In my game against John Walch we both played slowly and carefully (I got into overtime before move 100 and him not long after), but he made a mistake right at the end which allowed me to snatch a victory from the jaws of defeat. I avoided a book opening by ignoring his 4-4 approach to approach his 3-4, we had some reasonable josekis. When I pressed his 3-4 he attached and I didn't hane as he had the ladder. He backed out of playing a complicated variation in that corner and stymied my lower side ambitions so I approach the top right, which was maybe bad direction (instead defend left side) as the side was open.
24 players attended the sixth Welwyn Garden City tournament on 23rd April, a bright spring day, at the Welwyn Garden City Bridge Centre in Gosling Sports Park. The winner was Song Han (2d), who won the deciding third round against Alistair Wall, the previous winner. Also winning all three games were Richard Mullens (6k) from London City Go club and Sergio Rubio (9k) from Spain. Francis Roads won the 13x13 side tournament and a prize for best young player went to Charlotte Bexfield from Letchworth. Some players adjourned afterwards to a local Chinese restaurant.
Photos available on Facebook
At the AGM on 2nd April in Sheffield, Jon Diamond retired as President after 7 years and Roger Huyshe (pictured) was elected unanimously to replace him.
Jonathan Chin and Toby Manning were re-elected as Secretary and Treasurer respectively.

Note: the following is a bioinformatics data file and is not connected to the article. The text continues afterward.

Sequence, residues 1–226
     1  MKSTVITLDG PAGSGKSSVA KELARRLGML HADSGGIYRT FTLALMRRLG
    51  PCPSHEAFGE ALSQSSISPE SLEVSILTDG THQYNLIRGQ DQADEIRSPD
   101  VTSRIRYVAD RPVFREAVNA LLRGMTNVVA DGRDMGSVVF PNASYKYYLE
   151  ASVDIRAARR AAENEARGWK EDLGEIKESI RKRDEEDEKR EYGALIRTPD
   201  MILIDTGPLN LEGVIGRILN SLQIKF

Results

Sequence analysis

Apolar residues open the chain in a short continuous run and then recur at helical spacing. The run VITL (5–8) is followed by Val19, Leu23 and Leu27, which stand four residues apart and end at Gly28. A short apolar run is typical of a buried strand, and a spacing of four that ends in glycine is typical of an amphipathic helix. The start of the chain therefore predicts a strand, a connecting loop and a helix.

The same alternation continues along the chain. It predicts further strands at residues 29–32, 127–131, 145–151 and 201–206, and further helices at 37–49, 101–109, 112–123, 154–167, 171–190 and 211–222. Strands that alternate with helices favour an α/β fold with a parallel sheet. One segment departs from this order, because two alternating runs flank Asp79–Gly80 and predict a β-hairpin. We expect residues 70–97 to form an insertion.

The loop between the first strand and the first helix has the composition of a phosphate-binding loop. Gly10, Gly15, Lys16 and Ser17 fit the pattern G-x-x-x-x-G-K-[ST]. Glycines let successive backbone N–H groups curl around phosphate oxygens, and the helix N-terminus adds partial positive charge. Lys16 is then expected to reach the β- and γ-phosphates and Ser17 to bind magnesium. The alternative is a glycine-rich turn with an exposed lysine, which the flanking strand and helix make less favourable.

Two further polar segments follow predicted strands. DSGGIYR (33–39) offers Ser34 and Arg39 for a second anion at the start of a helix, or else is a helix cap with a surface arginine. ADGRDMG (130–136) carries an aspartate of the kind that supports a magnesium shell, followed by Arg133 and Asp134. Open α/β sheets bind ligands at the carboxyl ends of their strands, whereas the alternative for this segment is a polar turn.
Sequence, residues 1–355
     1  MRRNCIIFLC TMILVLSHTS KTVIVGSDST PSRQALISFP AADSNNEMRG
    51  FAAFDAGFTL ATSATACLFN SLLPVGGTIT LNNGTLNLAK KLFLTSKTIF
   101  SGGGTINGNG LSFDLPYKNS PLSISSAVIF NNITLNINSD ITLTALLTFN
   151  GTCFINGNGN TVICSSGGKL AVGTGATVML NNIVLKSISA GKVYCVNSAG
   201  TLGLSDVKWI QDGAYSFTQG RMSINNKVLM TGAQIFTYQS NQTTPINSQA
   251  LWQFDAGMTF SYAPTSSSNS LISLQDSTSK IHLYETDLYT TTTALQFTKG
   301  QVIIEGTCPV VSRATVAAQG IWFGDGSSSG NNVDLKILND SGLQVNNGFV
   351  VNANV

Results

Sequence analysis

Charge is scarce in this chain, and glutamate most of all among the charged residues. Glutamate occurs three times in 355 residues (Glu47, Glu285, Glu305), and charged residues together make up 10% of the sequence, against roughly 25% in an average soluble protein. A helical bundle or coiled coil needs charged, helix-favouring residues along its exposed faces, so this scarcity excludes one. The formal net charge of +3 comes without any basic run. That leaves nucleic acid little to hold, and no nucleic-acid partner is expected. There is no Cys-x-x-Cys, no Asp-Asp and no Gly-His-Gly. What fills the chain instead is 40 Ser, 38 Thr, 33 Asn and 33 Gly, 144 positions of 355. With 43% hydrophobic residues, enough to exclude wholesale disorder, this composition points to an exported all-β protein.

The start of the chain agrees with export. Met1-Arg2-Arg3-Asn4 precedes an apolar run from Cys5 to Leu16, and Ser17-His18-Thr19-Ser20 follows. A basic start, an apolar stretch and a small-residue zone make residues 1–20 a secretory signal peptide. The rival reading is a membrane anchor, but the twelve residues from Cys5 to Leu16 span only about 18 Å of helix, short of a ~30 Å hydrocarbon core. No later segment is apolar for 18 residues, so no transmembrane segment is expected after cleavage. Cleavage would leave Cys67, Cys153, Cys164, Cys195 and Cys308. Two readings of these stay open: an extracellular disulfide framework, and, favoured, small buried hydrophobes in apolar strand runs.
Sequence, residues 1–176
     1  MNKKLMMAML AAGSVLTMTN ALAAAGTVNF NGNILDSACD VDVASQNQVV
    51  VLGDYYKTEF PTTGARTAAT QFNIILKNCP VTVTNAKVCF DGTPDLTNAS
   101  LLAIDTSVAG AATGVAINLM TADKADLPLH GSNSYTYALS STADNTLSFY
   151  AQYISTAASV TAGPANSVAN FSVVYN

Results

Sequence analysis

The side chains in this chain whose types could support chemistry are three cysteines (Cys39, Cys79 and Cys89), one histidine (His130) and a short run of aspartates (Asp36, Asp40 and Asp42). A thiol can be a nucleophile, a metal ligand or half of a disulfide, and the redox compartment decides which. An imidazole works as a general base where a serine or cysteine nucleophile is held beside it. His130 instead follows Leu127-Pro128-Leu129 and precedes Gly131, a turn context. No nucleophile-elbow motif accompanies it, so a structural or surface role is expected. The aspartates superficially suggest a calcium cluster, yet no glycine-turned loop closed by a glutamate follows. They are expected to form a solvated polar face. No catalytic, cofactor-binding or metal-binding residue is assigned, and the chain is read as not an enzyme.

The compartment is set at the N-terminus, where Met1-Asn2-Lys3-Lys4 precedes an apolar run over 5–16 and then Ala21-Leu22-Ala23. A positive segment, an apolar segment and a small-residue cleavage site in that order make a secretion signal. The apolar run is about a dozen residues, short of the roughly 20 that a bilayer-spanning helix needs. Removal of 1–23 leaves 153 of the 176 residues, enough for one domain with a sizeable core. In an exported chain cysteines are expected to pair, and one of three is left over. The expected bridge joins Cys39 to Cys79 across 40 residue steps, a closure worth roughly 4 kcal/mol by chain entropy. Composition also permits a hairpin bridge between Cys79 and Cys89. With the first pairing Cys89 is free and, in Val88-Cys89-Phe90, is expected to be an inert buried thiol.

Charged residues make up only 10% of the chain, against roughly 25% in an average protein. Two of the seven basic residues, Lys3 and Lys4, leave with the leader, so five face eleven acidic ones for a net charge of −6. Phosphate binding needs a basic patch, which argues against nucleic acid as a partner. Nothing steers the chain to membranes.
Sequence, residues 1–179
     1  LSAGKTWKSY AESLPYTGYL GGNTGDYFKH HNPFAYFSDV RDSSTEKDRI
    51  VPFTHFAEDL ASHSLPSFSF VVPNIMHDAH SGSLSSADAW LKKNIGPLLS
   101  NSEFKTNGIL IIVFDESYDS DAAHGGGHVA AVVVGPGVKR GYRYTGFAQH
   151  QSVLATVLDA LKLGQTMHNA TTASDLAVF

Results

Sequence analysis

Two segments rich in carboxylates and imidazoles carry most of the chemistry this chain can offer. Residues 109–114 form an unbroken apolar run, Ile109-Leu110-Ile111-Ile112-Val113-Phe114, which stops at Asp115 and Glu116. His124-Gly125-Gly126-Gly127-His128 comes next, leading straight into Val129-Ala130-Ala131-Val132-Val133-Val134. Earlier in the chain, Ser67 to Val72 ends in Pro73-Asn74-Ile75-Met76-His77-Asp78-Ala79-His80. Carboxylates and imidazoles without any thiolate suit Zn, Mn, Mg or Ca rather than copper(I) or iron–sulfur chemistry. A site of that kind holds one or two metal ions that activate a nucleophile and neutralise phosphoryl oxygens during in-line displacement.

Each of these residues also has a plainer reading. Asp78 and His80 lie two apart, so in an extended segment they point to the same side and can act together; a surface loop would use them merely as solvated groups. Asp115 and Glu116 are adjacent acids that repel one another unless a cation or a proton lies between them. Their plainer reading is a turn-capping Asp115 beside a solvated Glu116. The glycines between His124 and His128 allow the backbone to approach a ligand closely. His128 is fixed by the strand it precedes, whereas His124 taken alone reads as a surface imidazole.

Brian Brunswick also retired after 10 years as a Council member, as did Donald Campbell; John Collins, Jonathan Green, Matt Marsh and Andrew Russell were elected to Council.
It was reported at the AGM that the membership had increased in the last year to 441, the first time we'd seen an increase for a number of years. The AlphaGo match didn't seem to have a significant impact on membership yet.
Congratulations to the British Go Association team who beat Italy by three games to one in the online Pandanet Go European Teams. With just two matches to play, their new sixth position (just behind Italy on third board score tie-break) is enough to keep them in the B-League for next season.
Bruno Poltronieri wrote about his win by resignation against Alessandro Pace:
Not a great game from me, but I somehow managed to pull off a win by a couple of points (if we ignore the part where he accidentally let me live in his territory while we were fighting the last 1 point ko...). My main mistake of the game was not living under his shimari before it was too late, which left him with a pretty huge territory. I was quite certain I was behind at that point, so I reduced as deeply as I could.
The British Go Congress was held over three days the first weekend in April at the Royal Victoria Hotel in Sheffield. Andrew Kay started the event with a teaching session on Friday afternoon, followed by a well attended presentation by Lucas Baker from Google DeepMind who explained a bit about the recent successes of AlphaGo and showed us its 9 dan diploma (pictured).
In the evening, 26 players took part in the British Lightning tournament which was eventually won by Andrew Kay followed by Alison Bexfield as the runner up.
On Saturday and Sunday the British Open tournament took place with a good attendance of 84 players, including a large contingent from Cheadle Hulme School who brought 15 of their pupils.